Of course he's assuming that death is the end of our existence. Let's go with that. Does that make one's fear of death irrational as Epicurus maintains? I don't think so. Contra Epicurus, I would dispute that it is death per se that we fear. Imagine that we could die for an hour, then come back to life again (similar happens under general anaesthesia). There would be no sense of nothingness, rather we would appear to awaken with no sense of time having passed whatsoever. It would be like teleportation, except through time rather than space. If there's little to no fear dying for an hour, then the same surely applies if we were dead for a day, a year, or arguably even a 1000 years.

No, it seems to me that the fear is of eternal nothingness. It's the idea that it is the end of all things. All our wants, desires, loves, fears, hopes, plans, are suddenly all to no avail. Whatever we have achieved (or whether we have achieved nothing), whoever we have loved or hated, all our hopes, yearnings, fears -- all collapse into complete irrelevance. We are all equal at the end. Because nothing will ever happen to us again. Our lives, our existence, all ultimately meant nothing in the grand scheme of things. In a sense, when we die, the Universe might as well cease to be.

Let me hasten to add that this doesn't mean we can't obtain many satisfactions in life (see this blog post by me). But, at some point, it will all be over. And whatever experiences we've lived through, we're now all in the same boat facing eternal oblivion.

All this is antipathetic and repugnant to the yearning soul. We fear from the bottom of our souls this abyss of nothingness. It appears to rob life of all meaning. Very deep inside us we feel, perhaps know, that this cannot be so.

Tuesday, 1 September 2020

The Checker-Shadow "illusion" Part 2.



Around 15-20 years ago I had this sudden insight, a sudden understanding. It was pertaining to so-called perceptual illusions.  I suddenly realised that many so-called perceptual illusions are not in fact illusions at all. Close to ten years ago I wrote a blog post regarding the checker-shadow illusion where I explained that, in my opinion, properly speaking, this is not in fact an illusion at all. Before reading further I recommend that people read that blog post. I would also recommend that people read another blog post by me on perceptual illusions here.   And, although not necessary to read, this blog post too might be of interest.  

On searching on the net I've only ever been able to find one person who holds the same opinion as I do that this shadow-checker "illusion" is not in fact an illusion at all.  And that was merely on a discussion forum.  Indeed, I have been vehemently attacked on this issue by many people (although it is clear to me they simply completely fail to understand my argument). Anyway, just a couple of days ago, I discovered a very interesting review of a book regarding colours and which talks about the checker-shadow illusion.  It says:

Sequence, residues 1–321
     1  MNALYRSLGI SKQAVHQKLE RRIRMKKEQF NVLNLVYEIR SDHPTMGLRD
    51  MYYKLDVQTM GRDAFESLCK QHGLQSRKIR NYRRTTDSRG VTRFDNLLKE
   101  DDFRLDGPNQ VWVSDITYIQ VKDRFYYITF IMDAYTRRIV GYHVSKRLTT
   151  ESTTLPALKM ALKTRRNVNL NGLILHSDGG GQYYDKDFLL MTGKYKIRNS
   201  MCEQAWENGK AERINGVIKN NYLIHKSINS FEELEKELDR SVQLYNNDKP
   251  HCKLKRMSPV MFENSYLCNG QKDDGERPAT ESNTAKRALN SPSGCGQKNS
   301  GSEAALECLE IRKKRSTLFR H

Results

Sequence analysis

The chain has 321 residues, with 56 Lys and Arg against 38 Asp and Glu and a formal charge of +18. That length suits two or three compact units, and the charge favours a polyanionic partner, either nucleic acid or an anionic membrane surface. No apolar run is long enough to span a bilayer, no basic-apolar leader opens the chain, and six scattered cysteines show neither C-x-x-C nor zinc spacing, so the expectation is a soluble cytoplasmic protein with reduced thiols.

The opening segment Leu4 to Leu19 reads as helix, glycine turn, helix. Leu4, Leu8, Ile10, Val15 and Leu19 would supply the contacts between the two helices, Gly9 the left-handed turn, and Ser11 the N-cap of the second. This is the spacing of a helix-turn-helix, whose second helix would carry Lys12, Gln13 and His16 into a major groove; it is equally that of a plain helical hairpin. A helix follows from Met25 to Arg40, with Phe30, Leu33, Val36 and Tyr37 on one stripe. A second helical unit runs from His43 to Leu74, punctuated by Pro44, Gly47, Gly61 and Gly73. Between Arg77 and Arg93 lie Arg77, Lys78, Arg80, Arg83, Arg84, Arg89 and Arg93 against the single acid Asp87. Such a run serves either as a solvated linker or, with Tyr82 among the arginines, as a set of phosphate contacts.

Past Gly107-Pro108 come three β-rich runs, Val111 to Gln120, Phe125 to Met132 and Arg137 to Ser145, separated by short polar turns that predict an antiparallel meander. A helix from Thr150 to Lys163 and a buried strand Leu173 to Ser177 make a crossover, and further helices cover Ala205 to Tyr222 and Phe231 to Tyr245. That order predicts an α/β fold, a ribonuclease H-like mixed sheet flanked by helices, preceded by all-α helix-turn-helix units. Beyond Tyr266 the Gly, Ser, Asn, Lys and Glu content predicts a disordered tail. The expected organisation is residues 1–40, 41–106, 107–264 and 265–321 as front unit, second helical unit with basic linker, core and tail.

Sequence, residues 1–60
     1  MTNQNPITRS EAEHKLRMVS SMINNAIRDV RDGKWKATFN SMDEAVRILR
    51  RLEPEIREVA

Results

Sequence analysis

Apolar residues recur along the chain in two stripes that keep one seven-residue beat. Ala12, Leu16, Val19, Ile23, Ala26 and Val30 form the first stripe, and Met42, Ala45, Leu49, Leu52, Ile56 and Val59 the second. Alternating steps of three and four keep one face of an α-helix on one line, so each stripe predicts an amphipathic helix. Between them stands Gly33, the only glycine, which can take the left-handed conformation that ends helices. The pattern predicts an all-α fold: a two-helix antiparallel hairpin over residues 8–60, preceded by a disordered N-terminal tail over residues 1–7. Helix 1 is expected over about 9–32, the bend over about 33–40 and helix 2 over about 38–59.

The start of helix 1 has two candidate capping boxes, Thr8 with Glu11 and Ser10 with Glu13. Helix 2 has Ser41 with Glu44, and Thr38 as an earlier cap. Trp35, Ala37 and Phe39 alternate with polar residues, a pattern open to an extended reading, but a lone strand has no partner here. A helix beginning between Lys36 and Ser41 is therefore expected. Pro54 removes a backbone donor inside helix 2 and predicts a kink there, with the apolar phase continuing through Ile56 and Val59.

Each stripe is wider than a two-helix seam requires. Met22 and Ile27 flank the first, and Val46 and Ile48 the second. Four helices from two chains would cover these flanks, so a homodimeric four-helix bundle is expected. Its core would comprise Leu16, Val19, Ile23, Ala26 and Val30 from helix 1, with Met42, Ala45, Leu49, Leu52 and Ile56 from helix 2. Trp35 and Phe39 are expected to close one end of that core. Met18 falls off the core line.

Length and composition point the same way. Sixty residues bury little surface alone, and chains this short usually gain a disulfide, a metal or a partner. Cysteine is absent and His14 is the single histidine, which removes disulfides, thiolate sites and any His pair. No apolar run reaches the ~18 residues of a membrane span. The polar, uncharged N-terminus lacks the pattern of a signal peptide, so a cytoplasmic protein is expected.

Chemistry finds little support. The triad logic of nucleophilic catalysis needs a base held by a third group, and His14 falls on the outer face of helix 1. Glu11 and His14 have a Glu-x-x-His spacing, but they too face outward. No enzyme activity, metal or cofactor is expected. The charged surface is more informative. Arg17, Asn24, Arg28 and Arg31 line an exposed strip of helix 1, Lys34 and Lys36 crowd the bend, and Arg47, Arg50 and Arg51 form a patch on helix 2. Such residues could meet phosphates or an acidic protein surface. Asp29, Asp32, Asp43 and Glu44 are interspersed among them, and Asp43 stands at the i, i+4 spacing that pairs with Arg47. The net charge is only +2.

“Illusion” implies that our system is fooled, but as far as useful information goes, the checkerboard interpretation is probably better. Try as they might, mathematicians can’t make the computers see the checkerboard. Rather than a demonstration of how easily fooled we are, optical illusions like this one are examples of the brain’s mysterious and irreplicable abilities. It interprets its environment with a sophistication that exceeds our ability to measure and reconstruct physical phenomena. The usual framing has it wrong: Despite A and B having the same SSR, humans are still able to see the checkerboard.

First of all, it's gratifying to at last find someone else that agrees with me.  Two other people actually, both the author of the book and the reviewer.

But, anyway, this underscores the fact that in certain respects computers, at least if merely using visual information, cannot see as well as we do.  The fact that computers cannot see the checkerboard implies that they cannot see their environment very well at all.  This is why autonomous cars can't just rely on cameras but require other sensing methods such as LIDAR.  It also partially explains why fully autonomous cars might still be decades away.  Back in 2014 I predicted 2060, which at that time was vastly later than all the predictions of the various pundits.  Almost to the man they thought that fully autonomous cars would be widespread within 5-20 years.

So, despite using highly sophisticated algorithms, computers still cannot see as well as we do.  An interesting question is why can't they?  Why can't they see the checkerboard?  If it is merely the brain that enables us to see, then whatever physical processes are involved, they surely should be able to be matched by suitably sophisticated algorithms.  To me their failure in this regard suggests that something else is required, that consciousness in and of itself  is playing a pivotal role that is enabling us to see proficiently.